I've heard it said a number of times that Mormons think it is wrong to consume caffeine. This would seem to naturally require abstinence from a number of beverages, such as coffee, black teas, and some soda/pop/coke. But other foods have caffeine in them as well, like chocolate, which, from what I can tell, are regularly consumed by Mormons.

Some years ago (15–20?) a Mormon friend explained that the caffeine in chocolate is somehow different chemically than the caffeine in coffee, and that this was why Mormons eat chocolate but don't drink coffee. I have no idea if this is true, and I don't really care, but it seemed to confirm a prohibition on caffeine by the LDS Church.

However, after a bit of research, the basis for this restriction seems to be the following line in the Doctrines and Covenants, §89, which makes no reference to caffeine:

9 And again, hot drinks are not for the body or belly.

Has the LDS Church officially expounded on the meaning of this text, or of any other texts that may relate to caffeine? That is, officially, does this text forbid:

  • Hot black tea (hot drink, caffeinated)
  • Hot milk (hot drink, not caffeinated)
  • Iced black tea (not hot drink, caffeinated)
  • Soda/pop/coke (not hot drink, caffeinated)
  • Chocolate (not hot drink, caffeinated)

What is the recent and current teaching of the LDS Church on this matter? Has there been any change or clarification in the last 50 years or so? A brief historical overview would help me put my Mormon friend's chocolate comments into context.


1 Answer 1


The Church of Jesus Christ of Latter-day Saints teaches that our bodies are temples where the Holy Ghost can dwell (1 Corinthians 6:19–20) and that they were given to us as a gift from God, therefore we are expected to take care of them.

The Word of Wisdom was originally given in 1833 as a word of counsel and is found in Doctrine and Covenants 89. Later prophets have reemphasized the Word of Wisdom as a law of health and today it is set forth as a commandment that all church members are expected to follow.

Because the Word of Wisdom is the most well-known health-related commandment, often members group related commandments and the general idea of taking care of one's body into the Word of Wisdom (for example, things like using moderation; establishing healthy sleep habits; warnings against recreational drugs, relying too heavily on medicine have to do with our health but are not mentioned in the Word of Wisdom).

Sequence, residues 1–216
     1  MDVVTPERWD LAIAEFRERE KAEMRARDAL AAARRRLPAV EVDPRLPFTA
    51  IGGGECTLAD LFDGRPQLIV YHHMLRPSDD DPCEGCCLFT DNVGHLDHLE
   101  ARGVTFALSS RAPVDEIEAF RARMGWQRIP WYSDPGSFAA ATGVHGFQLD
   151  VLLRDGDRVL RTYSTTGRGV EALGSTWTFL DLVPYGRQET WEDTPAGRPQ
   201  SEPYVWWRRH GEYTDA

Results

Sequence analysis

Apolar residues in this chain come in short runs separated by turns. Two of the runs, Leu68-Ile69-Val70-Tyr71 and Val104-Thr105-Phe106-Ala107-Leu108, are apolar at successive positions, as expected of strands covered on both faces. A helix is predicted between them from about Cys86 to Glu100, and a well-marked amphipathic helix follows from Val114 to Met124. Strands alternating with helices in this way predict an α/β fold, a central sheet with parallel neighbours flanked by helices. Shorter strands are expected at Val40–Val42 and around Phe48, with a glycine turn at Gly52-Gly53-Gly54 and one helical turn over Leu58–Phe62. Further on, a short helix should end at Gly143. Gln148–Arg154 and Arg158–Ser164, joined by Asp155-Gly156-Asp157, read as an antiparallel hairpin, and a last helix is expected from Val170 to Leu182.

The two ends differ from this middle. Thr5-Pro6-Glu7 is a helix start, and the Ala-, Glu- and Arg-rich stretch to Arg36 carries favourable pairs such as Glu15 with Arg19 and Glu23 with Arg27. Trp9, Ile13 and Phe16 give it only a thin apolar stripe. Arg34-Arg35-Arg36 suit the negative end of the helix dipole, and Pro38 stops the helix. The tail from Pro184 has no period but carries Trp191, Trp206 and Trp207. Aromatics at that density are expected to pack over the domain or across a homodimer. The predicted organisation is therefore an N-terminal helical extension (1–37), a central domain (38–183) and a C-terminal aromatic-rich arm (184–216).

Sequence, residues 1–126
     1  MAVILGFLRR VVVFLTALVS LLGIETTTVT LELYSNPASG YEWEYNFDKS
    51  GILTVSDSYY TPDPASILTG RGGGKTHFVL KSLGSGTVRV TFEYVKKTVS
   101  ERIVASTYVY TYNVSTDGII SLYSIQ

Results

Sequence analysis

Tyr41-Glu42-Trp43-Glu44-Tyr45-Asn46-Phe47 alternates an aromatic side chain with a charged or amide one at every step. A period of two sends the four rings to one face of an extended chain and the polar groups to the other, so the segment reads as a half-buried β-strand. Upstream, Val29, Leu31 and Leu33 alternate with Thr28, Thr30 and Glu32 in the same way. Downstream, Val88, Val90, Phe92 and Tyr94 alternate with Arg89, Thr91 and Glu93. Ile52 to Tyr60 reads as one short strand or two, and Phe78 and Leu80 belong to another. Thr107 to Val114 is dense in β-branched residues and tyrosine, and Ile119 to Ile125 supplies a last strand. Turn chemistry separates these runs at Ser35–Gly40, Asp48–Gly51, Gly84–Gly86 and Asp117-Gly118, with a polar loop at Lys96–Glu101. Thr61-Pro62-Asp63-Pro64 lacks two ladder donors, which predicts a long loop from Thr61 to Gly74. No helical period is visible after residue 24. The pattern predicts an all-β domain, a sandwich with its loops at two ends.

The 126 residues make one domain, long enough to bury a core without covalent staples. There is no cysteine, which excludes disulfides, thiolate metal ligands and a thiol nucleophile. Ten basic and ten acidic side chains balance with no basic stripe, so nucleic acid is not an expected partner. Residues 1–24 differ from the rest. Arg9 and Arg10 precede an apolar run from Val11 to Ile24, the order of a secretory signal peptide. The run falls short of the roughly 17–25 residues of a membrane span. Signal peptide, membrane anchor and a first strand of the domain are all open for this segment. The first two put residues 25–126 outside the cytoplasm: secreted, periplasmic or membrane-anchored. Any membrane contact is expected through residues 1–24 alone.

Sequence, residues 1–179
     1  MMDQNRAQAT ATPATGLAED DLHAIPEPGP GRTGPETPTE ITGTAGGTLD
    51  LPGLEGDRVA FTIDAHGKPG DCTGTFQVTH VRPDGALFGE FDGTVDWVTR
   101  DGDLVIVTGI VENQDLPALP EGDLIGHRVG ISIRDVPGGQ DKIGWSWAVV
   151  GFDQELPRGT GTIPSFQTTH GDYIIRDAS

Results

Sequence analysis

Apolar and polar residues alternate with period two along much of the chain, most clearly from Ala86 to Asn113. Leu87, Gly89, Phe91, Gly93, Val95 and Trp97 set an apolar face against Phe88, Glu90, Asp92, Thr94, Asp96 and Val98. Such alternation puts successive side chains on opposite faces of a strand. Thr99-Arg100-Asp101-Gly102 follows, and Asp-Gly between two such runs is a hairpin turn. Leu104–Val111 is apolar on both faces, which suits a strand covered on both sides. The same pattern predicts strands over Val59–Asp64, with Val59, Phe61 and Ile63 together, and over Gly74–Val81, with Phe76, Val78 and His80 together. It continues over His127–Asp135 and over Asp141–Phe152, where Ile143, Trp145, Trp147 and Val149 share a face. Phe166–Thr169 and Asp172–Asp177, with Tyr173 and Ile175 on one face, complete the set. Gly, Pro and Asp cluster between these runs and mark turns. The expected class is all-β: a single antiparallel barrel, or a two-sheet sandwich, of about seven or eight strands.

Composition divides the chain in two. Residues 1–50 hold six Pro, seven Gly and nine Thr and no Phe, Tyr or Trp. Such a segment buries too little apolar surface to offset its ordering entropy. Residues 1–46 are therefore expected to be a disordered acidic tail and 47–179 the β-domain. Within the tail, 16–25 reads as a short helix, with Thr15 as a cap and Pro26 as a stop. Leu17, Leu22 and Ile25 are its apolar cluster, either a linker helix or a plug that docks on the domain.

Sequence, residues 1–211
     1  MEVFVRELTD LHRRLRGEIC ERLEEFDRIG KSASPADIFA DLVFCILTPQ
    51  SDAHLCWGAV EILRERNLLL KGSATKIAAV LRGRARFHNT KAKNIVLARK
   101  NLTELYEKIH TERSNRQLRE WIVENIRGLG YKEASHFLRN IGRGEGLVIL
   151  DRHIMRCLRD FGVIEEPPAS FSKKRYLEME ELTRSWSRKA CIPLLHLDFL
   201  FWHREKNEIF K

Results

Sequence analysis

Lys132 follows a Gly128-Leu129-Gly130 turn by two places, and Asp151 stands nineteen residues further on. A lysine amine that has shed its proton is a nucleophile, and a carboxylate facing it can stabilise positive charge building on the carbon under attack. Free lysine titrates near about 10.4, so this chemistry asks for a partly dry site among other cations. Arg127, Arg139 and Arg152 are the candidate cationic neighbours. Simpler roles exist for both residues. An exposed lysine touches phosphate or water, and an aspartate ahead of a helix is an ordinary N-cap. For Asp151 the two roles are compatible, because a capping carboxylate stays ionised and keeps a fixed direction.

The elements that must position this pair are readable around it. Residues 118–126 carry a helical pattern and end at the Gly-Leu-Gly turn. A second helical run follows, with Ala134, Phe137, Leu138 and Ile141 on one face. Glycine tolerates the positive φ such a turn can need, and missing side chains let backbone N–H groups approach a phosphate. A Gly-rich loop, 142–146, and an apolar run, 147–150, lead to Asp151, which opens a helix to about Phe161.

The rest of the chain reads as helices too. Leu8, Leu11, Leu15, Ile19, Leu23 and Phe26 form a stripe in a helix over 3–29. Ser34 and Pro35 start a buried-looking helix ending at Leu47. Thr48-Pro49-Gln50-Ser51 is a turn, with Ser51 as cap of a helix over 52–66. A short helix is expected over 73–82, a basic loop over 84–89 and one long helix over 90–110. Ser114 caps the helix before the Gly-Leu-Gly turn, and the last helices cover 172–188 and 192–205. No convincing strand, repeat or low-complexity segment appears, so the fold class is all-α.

Joseph Smith, who received the Word of Wisdom, and prophets since his time have stated that "hot drinks" means tea and coffee. This includes decaffeinated coffee, and cold coffee and tea. It does not include chocolate, hot chocolate, or warm milk.

Often tea is further interpreted by Latter-day Saints to be any drink derived from the plant Camellia sinensis – like green tea, black tea, and iced tea – but there's still debate around mate, herbal teas, etc. The Church has not officially clarified beyond "coffee and tea."

Some members of the Church abstain from caffeine – you will find that it varies from family to family. This is an effort to take care of the body and likely stems from the fact that one of the obvious ingredients in coffee and tea is caffeine. Caffeine is, in fact, a drug. However, the Word of Wisdom, as set forth in D&C 89, does not specifically prohibit caffeine, nor has the Church officially taught that members should not drink caffeine.

  • The status of caffeine as a drug is irrelevant because the status of any substance as a drug is a human construct, and as such, is highly unlikely to be related to godly knowledge. Caffeine also happens to be a naturally-occurring substance much like the herbs that are mentioned in the Book of Mormon that were used to treat sicknesses; this association alone doesn't render caffeine a suitable treatment for any particular disease.
    – Adam
    Commented Jan 15, 2017 at 16:15

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